About biogenical VOC’s: these are mainly formed in summer, where high temperatures and secondly high light/photosynthesis are the primary drivers. Natural VOC’s exceed anthropogenic emissions with a factor 3-8

    Some interesting literature about biogenical VOC’s: and

  6. 6
    Loretta says:


    #1 and #3: Yes, the emissions of volatile organic carbon (VOCs) from vegetation play a role in ozone formation. In cities like Atlanta with lush vegetation, biogenic VOCs together with anthropogenic nitrogen oxides can have a significant impact on regional pollution.
    The emissions of biogenic VOCs increase rapidly as temperatures increase. But plants also respond to changing CO2. While some plants may flourish in an enriched CO2 atmosphere, VOC emissions may decrease. And as Dan points out below, vegetation may also suffer from heat or water stress in a changing climate. It’s a complicated picture.

    I did not include any of these biogenic effects in my simple sensitivity study. I kept emissions of pollution precursors constant. All I wanted to see was this:
    if I increase the long-lived greenhouse gases like CO2 in the model and let the
    climate respond, what happens to the patterns of air circulation? What I found
    was that stagnation events lasted longer in the future model atmosphere.

    On the other hand, Hogrefe et al. [2004] did include the biogenic VOCs that Dano and Dan are talking about. Of the effects listed above, Hogrefe et al. [2004] considered only the temperature effect on biogenic VOC emissions. They found a 10-50% increase in these emissions with climate change over the eastern U.S. Unfortunately there isn’t yet much understanding of the large amount of interannual variability in blocking [high pressure systems] seen in the last few decades. So it is very hard to make a prediction of what might happen to blocking in a climate change experiment.

    #2. I agree with Tim that more work is needed to understand what controls cyclone (and anticyclone) variability in the observation record. A number of model studies, such as our own, have found a decline in cyclone number in a future atmosphere. The model trends can be explained with mechanisms such as the flattening of the temperature gradient from equator to pole. Improving our understanding of present-day variability will give us greater confidence in what these models say.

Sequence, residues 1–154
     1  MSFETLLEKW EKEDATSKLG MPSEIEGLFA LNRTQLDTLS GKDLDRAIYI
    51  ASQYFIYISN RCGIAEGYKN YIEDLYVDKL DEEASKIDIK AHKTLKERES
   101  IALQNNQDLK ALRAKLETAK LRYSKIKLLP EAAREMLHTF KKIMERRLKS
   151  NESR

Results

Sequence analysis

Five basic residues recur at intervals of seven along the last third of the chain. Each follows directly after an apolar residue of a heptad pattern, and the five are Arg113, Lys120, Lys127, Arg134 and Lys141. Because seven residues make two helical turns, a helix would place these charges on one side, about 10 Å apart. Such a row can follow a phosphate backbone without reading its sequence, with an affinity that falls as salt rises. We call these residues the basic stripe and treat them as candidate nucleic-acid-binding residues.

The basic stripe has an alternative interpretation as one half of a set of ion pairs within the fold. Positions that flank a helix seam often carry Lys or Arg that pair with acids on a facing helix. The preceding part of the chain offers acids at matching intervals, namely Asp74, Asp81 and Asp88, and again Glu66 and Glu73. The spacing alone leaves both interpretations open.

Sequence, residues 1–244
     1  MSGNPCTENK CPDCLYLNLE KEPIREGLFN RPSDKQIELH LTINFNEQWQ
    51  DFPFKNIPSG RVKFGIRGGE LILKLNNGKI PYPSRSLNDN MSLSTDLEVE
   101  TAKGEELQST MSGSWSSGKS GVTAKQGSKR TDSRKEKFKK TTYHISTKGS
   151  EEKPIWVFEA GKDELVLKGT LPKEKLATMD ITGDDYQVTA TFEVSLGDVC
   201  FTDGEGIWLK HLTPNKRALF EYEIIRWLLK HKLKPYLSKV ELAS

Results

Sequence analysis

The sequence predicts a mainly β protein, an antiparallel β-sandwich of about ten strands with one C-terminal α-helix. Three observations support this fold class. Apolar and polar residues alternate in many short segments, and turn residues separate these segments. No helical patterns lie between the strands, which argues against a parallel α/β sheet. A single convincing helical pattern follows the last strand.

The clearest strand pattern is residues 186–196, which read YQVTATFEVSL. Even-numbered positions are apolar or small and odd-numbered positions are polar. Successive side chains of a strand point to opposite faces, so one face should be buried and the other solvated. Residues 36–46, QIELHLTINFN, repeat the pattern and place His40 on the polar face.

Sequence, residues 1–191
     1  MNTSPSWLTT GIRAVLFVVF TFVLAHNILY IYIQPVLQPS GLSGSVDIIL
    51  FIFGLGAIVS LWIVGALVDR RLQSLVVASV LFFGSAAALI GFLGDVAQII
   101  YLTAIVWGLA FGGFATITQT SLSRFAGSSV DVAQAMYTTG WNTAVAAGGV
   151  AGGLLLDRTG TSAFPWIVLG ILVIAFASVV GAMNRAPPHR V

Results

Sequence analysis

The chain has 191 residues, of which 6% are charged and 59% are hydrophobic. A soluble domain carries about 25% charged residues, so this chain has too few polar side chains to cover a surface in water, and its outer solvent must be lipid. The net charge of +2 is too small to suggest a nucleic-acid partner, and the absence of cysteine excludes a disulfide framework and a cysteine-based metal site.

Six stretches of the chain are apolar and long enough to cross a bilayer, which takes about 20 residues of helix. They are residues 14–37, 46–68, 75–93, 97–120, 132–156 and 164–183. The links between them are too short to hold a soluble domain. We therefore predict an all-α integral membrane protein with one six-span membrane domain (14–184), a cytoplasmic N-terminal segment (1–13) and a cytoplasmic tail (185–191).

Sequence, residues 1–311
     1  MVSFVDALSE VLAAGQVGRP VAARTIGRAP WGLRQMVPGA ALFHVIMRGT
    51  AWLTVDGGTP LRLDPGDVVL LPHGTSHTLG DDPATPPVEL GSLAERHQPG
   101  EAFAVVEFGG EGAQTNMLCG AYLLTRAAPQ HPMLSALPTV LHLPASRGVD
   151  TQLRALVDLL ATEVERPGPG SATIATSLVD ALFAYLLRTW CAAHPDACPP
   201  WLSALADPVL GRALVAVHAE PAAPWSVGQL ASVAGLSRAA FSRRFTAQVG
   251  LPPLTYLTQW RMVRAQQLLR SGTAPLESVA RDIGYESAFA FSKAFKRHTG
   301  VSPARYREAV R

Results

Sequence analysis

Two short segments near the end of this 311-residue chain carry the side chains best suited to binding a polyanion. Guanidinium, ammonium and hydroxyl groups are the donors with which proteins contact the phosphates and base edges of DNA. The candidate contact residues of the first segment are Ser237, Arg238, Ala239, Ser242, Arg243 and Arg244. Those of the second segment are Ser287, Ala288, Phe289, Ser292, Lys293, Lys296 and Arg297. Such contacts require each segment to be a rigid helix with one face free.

I also agree that tackling emissions of pollution precursors is important. But so long as emissions of pollution precursors remain in a kind of middle range (i.e., above natural levels), we can expect that daily weather patterns will play a role in whether or not we have a bad air day.
    A changing climate will influence the daily weather and could have consequences for air quality.


  7. 7
    Tom Huntington says:

    Along with the potential influences of changes in temperature and moisture on biogenic VOC emissions from individual plant species there are likely to be changes in VOC emissions based on longer-term changes in composition of vegetation [for example, Kellomäki et al. 2001] because of a wide range in VOC emissions among species [for example, Kesselmeier and Staudt, 1999; Kesselmeier et al. 2002]. If climate change results in the large-scale changes in forest species composition as vegetation adapts to a warmer climate as some models suggest [Iverson and Parsad, 1998], these species shifts could influence the rates of emission of biogenic precursors and thus the frequency and intensity of air pollution episodes. The lengthening of the growing season in northern temperate latitudes also suggests a longer period where conditions could increase air pollution risk. I am curious what replacement of spruce-fir and northern hardwood forests with oak and pine-dominated forests in the far northeastern US would mean for ozone attainment in the future.

    Iverson, L.R., and Prasad, A.M., 1998, Predicting abundance of 80 tree species following climate change in the eastern United States: Ecol. Monogr., v. 68, no. 4, p. 465�485.

    Kellomäki, S.,et al.., 2001, Impact of global warming on the tree species composition of boreal forests in Finland and effects on emissions of isoprenoids: Global Change Biology, v. 7, no. 5, p. 531-544.

    Kesselmeier, J.K., and Staudt, M., 1999, Biogenic volatile organic Compounds (VOC): An overview on emission, physiology and ecology: J. Atmos. Chem., v. 33, no. 1, p. 23 – 88.

    Kesselmeier, al.., 2002, Concentrations and species composition of atmospheric volatile organic compounds (VOCs) as observed during the wet and dry season in Rondônia (Amazonia): J. Geophys. Res., v. 107(D20), p. 8053,

  8. 8
    Lynn Vincentnathan says:

    In addition to GW contributing to increased pollution, it is also important for laypersons to keep in mind that most human activities that generate GHGs, also generate other forms of pollution to air, land, & water, & many non-environmental harms/costs, when we consider the entire life cycle of products from resource extraction, shipping, manufacture, shopping, consumption, disposal, plus military/government costs associated with protecting/procuring resources/products.

    I wish there were better ways to internize a least a few more of the real costs of products and compensate victims better.